In case you missed it, last week’s Customer Contact Week (CCW) conference in Las Vegas marked a return to in-person events.
As this was my first public gathering since before the pandemic, I was keen to observe the logistics. Just how much would things resemble the conferences of old?
Would we wear masks, follow demarcated queues, and stand on X’s, awkwardly networking like teenagers at their first school dance? Or would we bump elbows and get to know each other from an intuitive and instinctively-negotiated safe distance?
As they played out, my few days in Vegas were a refreshing picture of normalcy. Yes, we signed waivers. Yes, there was a hint of caution in the air. But, more than anything, CCW was a signpost that the country is reopening. People were friendly, engaged, ready to get back to business.
In short: people are resilient.
That said, we are bouncing back from something real. A lot of economic damage has been done.
1. Our industry was hit especially hard.
2. Perhaps because of our innate resiliency, and our persistent belief that things will get better, we were vulnerable.
We treated inevitable black swan events as if they would never happen, or at least would happen elsewhere. And that led to overconfidence in the resilience of our contact center operations. So we optimized for short-term cost and KPIs but rolled the dice on long-term risks. If you don’t think we are prone to rolling dice, you may have missed the 30 casinos lining the Vegas strip.
So, what’re we going to do?
There were some great lectures at CCW on remote working, workforce management, and using AI to reduce pressure on stressed human networks. These are hot topics because they are direct reactions to weaknesses highlighted by the pandemic. And I was impressed at some of the terrific work being done in these areas. But we should also be wary of fighting the last war. The next shock to the system may not be a pandemic.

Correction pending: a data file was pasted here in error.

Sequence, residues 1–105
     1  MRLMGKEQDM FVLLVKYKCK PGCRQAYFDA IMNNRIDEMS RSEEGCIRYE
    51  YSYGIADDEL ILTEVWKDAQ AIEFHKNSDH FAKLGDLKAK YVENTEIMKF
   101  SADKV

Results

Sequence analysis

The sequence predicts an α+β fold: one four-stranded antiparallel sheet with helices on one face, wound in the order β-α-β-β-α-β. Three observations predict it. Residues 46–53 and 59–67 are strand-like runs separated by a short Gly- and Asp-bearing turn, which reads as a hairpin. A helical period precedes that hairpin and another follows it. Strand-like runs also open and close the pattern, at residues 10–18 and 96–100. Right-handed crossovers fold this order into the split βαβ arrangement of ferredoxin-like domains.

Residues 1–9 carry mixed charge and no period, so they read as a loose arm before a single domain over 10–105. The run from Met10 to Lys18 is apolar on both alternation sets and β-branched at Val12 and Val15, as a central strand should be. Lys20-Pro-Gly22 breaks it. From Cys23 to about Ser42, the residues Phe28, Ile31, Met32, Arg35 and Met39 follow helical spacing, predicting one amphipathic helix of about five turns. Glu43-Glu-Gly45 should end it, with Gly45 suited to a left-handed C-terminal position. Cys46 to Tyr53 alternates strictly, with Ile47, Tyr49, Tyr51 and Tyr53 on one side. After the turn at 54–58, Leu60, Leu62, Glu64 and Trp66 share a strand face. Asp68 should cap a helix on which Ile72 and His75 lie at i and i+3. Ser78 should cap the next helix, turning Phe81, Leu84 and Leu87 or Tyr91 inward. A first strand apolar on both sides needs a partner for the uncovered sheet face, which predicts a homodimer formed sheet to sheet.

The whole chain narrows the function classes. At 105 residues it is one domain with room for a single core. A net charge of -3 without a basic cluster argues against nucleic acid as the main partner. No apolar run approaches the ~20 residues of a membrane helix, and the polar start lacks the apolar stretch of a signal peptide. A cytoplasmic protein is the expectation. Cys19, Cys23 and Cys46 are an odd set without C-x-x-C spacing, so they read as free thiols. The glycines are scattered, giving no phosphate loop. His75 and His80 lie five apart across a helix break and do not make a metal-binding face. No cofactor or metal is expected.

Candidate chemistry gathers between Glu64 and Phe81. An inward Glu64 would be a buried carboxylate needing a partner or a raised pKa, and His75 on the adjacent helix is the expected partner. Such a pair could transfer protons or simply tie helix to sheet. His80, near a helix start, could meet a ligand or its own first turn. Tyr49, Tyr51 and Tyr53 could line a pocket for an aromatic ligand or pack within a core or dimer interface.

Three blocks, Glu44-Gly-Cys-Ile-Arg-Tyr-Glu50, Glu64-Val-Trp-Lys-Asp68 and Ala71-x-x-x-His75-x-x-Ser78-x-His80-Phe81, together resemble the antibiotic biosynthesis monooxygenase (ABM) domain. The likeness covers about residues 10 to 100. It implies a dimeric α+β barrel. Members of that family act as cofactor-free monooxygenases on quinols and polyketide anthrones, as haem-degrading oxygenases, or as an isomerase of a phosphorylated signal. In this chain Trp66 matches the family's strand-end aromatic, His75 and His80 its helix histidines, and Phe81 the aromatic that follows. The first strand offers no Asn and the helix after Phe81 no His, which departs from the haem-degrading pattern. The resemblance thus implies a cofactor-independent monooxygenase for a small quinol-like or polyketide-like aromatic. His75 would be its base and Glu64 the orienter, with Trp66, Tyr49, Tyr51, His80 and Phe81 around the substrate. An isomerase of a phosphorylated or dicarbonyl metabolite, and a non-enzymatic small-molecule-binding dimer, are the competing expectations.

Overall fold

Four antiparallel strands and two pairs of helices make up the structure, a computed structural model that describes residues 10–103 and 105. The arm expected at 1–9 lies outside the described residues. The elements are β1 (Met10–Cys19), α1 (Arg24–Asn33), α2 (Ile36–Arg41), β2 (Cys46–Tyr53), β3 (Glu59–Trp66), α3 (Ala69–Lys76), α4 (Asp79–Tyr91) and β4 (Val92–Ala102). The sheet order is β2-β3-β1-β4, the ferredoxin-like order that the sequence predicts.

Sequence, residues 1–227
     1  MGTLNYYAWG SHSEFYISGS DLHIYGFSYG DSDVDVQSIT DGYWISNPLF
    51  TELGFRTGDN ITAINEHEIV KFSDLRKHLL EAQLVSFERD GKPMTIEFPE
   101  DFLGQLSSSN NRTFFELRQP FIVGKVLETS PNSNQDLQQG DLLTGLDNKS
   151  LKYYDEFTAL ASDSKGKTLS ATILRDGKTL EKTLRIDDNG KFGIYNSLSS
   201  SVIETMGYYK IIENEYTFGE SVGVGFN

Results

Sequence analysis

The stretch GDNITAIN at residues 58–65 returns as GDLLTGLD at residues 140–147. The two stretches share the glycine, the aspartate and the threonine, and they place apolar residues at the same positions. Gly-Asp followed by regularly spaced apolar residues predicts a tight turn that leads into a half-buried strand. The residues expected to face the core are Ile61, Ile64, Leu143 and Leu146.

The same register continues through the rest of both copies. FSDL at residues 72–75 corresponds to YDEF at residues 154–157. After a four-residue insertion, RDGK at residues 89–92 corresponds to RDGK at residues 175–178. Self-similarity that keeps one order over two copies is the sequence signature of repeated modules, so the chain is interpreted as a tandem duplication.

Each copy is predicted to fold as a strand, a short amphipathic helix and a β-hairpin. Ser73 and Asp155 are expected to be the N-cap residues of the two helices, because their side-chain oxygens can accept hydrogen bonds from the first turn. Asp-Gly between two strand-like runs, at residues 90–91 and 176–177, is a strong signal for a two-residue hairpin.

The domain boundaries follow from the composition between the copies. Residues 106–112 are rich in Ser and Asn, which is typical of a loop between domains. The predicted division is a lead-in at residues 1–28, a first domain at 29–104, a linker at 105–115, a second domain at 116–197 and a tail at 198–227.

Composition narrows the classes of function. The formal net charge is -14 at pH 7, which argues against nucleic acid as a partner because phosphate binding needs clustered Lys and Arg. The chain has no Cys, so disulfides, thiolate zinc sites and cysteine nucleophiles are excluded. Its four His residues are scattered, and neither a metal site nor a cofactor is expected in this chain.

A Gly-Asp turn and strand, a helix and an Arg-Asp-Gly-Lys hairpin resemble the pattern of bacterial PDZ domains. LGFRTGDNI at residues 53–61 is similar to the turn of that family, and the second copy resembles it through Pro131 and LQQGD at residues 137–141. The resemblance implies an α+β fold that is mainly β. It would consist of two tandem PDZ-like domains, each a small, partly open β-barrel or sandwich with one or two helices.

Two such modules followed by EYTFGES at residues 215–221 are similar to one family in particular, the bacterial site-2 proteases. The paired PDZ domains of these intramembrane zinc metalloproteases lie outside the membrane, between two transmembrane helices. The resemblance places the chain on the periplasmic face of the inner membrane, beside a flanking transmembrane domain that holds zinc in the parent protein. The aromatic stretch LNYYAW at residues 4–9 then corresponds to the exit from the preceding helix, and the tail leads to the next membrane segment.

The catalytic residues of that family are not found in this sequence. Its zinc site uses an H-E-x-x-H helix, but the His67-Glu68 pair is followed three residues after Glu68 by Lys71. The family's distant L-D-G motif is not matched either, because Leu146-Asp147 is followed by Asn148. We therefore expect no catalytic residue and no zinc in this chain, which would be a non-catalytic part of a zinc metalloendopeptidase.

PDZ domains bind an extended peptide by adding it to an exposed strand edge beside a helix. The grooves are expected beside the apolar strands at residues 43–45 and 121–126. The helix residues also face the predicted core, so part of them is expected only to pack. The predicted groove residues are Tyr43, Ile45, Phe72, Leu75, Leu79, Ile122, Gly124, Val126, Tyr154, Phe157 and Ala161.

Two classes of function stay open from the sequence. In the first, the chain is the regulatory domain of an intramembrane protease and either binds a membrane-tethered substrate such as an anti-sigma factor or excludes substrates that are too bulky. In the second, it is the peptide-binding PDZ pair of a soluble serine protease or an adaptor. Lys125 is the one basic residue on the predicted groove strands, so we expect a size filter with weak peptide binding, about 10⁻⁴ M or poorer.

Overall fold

A well-rounded view of resiliency.
We need a well-rounded view on resiliency. That starts with recognizing the ways in which we are vulnerable.
At CCW, I met a lot of folks with high-dependency operations, such as a single centralized contact center:
one talent pool,
one regulatory environment,
one set of management practices,
one systems infrastructure.
While efficiencies emerge from tight centralization, they must be balanced against inherent risks.
A common cure for SPOF is a business continuity plan that features redundancy.
This is standard practice with IT networks and supply chains, but less common in contact center operations outside of large enterprises. One reason is because managing and orchestrating across multiple sites is hard. Deloitte highlights that even companies who embrace a multi-sourced program believe they are not doing enough to manage service providers adequately.
How ArenaCX is filling the operational gap.
That leads me to the work ArenaCX is doing. As a software-enabled marketplace of contact center partners, we specialize in making it much easier for businesses to operate and orchestrate a multi-sourced contact center network.
Our roster of 50+ partners around the world provides instant global diversification and our purpose-built AI-powered software makes management and orchestration of this portfolio nearly effortless.
Plus, we are in a unique position to disintermediate imbalances in demand, supply, wage rates, and other factors across many companies, creating a solution that is bigger and more flexible than almost any single organization this side of Amazon can put together.
I was incredibly encouraged by the warm reception we received from attendees. What really resonated is that our approach yields dividends today, such as easy access to seasonal or overflow capacity, while insuring against a future shock.
I left CCW feeling optimistic that our industry is ready to embrace resilience and that ArenaCX can be a key part of the solution. If you would like to discuss how to make your contact center program more resilient, check out our white paper on this topic or contact us to explore the possibilities.